And of course, the technical team and the ship's crew had its own challenges with the equipment. A short circuit in the ROV stopped one day's search; the strong current made it too difficult to control on another dive; a core came up empty; the CTD bottles failed to open, and so on. All of this was taken care of, but added to the tension.

And then we started very slowly on the "uphill climb!" The CTD found the biggest methane anomaly yet. Readings also suggested turbulence in the water. There was a spectacular core containing sulfides that looked very fresh, like fallout from a plume, and a layer that was most likely manganese. At our meeting on July 10, we were quite hopeful. Rolf Birger said, "With continued systematic work and a little luck, we'll find it." And then the next day the CTD came back with readings that that had once again plummeted. At our meeting on the 11th, everyone was pretty depressed. Rolf Birger tried to encourage us by pointing out that the ROV had seen possible chimney remains on its dive but he acknowledged that we were "a little bit depressed" and said we needed to "cheer each other up." Practically, he said we would continue the dive until midnight, and then do some dredging.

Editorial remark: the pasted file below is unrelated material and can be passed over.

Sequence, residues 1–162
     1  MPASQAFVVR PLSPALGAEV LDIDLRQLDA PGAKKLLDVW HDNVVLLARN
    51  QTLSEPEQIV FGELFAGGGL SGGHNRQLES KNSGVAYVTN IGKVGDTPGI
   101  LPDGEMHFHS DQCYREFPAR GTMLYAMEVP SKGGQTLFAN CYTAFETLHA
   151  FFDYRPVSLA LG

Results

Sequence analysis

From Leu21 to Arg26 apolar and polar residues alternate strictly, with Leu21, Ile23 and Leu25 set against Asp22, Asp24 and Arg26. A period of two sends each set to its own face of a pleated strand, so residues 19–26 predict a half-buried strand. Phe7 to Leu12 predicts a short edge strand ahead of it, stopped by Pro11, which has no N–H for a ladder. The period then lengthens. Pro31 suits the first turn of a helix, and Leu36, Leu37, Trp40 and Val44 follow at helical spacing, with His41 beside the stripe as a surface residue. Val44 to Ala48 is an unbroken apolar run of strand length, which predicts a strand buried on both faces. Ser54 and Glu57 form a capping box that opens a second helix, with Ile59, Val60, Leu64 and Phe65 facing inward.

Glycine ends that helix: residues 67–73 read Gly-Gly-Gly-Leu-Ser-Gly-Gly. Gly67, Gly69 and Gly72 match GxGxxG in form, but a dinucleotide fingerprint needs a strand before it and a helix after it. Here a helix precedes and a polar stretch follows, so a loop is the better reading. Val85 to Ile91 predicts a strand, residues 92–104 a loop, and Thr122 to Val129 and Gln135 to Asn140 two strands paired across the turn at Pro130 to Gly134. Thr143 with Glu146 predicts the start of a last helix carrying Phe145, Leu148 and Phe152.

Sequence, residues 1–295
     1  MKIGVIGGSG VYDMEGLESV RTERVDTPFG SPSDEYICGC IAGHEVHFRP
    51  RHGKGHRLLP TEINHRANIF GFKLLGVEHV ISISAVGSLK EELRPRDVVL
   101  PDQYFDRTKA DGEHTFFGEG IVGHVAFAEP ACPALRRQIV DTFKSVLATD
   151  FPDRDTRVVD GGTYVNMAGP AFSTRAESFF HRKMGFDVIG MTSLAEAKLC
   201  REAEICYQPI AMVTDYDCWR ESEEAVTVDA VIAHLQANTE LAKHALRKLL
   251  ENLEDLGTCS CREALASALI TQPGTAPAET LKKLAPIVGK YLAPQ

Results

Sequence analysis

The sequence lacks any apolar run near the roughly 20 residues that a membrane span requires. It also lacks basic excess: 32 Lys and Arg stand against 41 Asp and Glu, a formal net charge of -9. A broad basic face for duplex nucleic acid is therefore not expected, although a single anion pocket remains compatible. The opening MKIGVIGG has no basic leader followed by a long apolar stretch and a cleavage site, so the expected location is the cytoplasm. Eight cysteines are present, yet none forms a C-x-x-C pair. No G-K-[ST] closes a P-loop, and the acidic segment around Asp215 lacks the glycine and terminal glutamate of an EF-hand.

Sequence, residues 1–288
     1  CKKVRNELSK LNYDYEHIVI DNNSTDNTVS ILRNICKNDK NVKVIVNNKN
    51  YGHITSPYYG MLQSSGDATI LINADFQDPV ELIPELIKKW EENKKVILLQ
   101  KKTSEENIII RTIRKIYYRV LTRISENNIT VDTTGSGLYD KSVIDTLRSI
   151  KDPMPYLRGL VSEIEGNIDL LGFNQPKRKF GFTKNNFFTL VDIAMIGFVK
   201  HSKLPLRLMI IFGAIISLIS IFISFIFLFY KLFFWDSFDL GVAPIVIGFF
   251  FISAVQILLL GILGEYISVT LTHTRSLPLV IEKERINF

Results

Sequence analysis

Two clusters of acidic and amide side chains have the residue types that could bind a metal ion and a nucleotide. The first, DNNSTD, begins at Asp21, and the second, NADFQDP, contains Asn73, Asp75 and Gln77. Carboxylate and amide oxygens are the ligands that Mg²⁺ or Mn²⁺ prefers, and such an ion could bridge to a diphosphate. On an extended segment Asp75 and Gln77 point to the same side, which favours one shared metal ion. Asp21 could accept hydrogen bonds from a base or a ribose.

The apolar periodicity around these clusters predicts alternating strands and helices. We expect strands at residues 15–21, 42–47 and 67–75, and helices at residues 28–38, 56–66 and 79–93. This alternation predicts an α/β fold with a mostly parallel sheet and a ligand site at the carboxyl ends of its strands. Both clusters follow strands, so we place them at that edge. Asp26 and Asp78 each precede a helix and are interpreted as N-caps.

At that point, he decided to go to the top of the volcano and dive in a small fault zone. He however had to pick a specific spot on the fault line. The spot he chose turned out to be about 200 meters from the first vent we found.

The next day, July 12, we spent what seemed like hours watching the dives on the video feed. I think that all of us in that room were truly beginning to think it was not going to happen. (I understand that the tension in the container room, from which the ROV is controlled, was palpable!) In the screening room we played cards, we read, and teacher Anna Karin came very close to completion of the mittens she had began when we first started watching the dives!. It was about 8 PM when we started noticing rocks that looked like what we thought were sulfides. Then Paco Cardenas, our macro biology PhD student, said, "Wait a minute. I think those are bacterial mats."

We stopped reading and put the cards down; Anna Karin put down her knitting. The camera started to go up hill. We saw more mats. This had to be something!

We got out our cameras and stood up.

And suddenly there was a small hole emitting some black smoke.